|PAHO seeks to prevent breast and cervical cancer, which claim some 120,000 lives each year in the Americas|
Representatives of different sectors will develop action plan to reduce cancers that affect some 400,000 women annually in the region
Washington, D.C., 4 February 2013 (PAHO/WHO) — With the goal of reducing deaths from breast and cervical cancer in the Americas, the Pan American Health Organization/World Health Organization (PAHO/WHO) this week is bringing together representatives of governments, international organizations, academic institutions, civil society, and the private sector to develop a plan of action for screening, early diagnosis, education and treatment for these cancers and for expanded vaccination against human papillomavirus (HPV).
Some 400,000 women are diagnosed with breast or cervical cancer each year in the Americas, and some 120,000 die from these diseases. Both types of cancer are preventable and treatable through screening, early diagnosis and proper treatment.
“For a public health problem of this magnitude, and given that we have the know-how and technology to save lives, we urgently need all sectors of society to work together to help ensure equitable access to cancer prevention, screening, diagnosis, treatment and palliative care,” said PAHO Director Carissa F. Etienne. “That is why today, we are galvanizing the support of the international health community to jointly accelerate breast and cervical cancer prevention and control in the Americas.”
“The timing for this endeavor, the Women’s Cancer Initiative: a joint commitment to save lives, is right,” said Dr. Etienne. “In addition to the Political Declaration of the U.N. High Level Meeting on NCDs in 2011, the recently adopted WHO Global Monitoring Framework for NCDs calls for a 25% reduction in premature mortality from NCDs by 2025. It has provided governments with tangible targets and indicators for cancer incidence, cervical cancer screening, and HPV vaccination. It is up to those of us gathered here today to guide efforts and investments to support governments to achieve these targets and indicators.”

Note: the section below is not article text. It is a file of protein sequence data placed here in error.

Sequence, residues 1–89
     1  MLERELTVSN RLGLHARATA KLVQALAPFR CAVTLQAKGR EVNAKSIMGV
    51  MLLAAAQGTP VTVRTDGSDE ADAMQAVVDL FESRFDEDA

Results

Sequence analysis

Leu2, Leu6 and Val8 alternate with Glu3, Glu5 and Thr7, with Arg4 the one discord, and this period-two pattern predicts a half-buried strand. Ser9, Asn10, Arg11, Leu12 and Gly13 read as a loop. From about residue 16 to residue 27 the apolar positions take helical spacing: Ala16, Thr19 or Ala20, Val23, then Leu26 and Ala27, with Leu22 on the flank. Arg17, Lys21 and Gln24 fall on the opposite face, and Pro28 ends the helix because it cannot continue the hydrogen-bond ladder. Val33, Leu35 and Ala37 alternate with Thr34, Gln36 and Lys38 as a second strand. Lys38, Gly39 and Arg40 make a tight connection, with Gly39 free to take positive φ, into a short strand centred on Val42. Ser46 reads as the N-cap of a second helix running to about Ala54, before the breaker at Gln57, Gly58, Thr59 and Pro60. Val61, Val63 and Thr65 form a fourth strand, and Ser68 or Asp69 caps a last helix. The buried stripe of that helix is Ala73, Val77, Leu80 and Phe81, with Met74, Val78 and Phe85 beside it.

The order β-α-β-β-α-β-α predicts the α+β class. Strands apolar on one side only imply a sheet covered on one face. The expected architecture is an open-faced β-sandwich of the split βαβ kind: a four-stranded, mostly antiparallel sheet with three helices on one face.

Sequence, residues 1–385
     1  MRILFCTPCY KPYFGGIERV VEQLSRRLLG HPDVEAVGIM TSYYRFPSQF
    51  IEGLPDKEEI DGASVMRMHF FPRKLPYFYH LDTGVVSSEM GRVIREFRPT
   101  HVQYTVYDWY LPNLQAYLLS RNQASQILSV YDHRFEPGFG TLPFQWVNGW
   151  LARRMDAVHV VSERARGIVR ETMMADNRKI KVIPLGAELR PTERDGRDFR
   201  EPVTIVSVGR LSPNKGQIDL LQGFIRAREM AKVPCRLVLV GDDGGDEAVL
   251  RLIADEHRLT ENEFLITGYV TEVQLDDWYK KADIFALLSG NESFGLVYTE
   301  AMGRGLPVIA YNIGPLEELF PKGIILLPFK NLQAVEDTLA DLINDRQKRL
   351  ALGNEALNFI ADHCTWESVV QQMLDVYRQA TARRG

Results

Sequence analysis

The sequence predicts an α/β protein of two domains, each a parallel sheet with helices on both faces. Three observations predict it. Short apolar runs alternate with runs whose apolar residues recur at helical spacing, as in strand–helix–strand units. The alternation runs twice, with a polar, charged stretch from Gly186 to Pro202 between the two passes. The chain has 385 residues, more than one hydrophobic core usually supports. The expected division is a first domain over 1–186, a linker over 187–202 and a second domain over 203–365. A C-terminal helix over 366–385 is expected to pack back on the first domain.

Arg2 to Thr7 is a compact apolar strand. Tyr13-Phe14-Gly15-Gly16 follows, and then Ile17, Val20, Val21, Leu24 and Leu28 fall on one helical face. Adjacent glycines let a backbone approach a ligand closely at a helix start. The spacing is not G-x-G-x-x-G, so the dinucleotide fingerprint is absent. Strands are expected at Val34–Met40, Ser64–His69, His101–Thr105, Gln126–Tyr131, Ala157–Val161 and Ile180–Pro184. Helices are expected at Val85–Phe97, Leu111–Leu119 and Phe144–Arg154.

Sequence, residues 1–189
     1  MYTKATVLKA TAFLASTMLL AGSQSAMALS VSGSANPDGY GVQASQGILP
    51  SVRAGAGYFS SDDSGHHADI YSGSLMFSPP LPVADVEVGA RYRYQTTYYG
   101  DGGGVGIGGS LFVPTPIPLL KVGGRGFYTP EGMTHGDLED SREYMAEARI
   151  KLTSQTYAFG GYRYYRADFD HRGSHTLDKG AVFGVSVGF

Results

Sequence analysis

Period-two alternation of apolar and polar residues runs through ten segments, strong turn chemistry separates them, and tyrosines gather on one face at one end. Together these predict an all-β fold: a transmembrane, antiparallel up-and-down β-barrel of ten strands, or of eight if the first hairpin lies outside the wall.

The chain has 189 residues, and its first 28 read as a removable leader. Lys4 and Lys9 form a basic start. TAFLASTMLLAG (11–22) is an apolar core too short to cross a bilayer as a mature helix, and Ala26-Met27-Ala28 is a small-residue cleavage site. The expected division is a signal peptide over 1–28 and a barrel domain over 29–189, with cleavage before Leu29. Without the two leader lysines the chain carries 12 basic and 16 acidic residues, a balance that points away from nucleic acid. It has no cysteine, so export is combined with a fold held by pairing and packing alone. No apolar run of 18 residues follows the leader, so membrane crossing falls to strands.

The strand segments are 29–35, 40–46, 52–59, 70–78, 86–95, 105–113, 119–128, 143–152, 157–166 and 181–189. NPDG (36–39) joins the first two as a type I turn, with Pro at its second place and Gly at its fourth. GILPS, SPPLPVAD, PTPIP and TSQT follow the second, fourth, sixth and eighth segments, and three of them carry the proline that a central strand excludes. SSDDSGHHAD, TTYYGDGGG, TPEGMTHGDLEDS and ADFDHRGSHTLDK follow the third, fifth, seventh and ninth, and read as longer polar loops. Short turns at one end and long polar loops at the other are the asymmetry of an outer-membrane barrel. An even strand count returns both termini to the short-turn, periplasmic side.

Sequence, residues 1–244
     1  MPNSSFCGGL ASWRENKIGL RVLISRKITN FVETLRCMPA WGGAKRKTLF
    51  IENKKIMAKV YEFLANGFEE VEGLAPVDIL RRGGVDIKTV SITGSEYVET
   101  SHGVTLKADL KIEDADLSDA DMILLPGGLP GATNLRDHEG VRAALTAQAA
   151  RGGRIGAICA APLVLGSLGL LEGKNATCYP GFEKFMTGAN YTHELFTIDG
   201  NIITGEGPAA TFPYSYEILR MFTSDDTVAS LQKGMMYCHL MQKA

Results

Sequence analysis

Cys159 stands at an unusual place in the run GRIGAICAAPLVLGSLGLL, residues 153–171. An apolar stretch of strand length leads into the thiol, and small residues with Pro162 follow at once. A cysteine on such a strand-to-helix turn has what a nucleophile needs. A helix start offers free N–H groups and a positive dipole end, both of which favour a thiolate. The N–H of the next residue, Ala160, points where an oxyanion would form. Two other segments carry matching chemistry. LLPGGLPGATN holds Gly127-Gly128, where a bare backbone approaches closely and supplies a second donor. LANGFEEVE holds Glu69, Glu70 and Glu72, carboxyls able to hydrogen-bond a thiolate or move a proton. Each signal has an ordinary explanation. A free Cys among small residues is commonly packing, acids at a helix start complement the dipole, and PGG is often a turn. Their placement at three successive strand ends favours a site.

The multi-year plan of action that will result from this week’s meeting will include advocacy and communications to mobilize women, communities and stakeholders; improvements in health service capacity for breast and cervical cancer screening, diagnosis, treatment, and palliative care; scaled up access to HPV vaccination; and expanded research.
Under the tagline “Cancer – Did You Know…?” this year’s World Cancer Day (Feb. 4) seeks to dispel common myths and misconceptions about cancer, for example, that it is a disease of rich countries but not poor ones or that “cancer is a death sentence.” Participants in this week’s meeting will discuss ways to counter these and other cancer myths.
PAHO, founded in 1902, is the oldest international public health organization in the world. It works with its member countries to improve the health and the quality of life of the people of the Americas. It also serves as the Regional Office for the Americas of WHO.
WORLD CANCER DAYMyths and truths about cancer
Regional Office for the Americas of the World Health Organization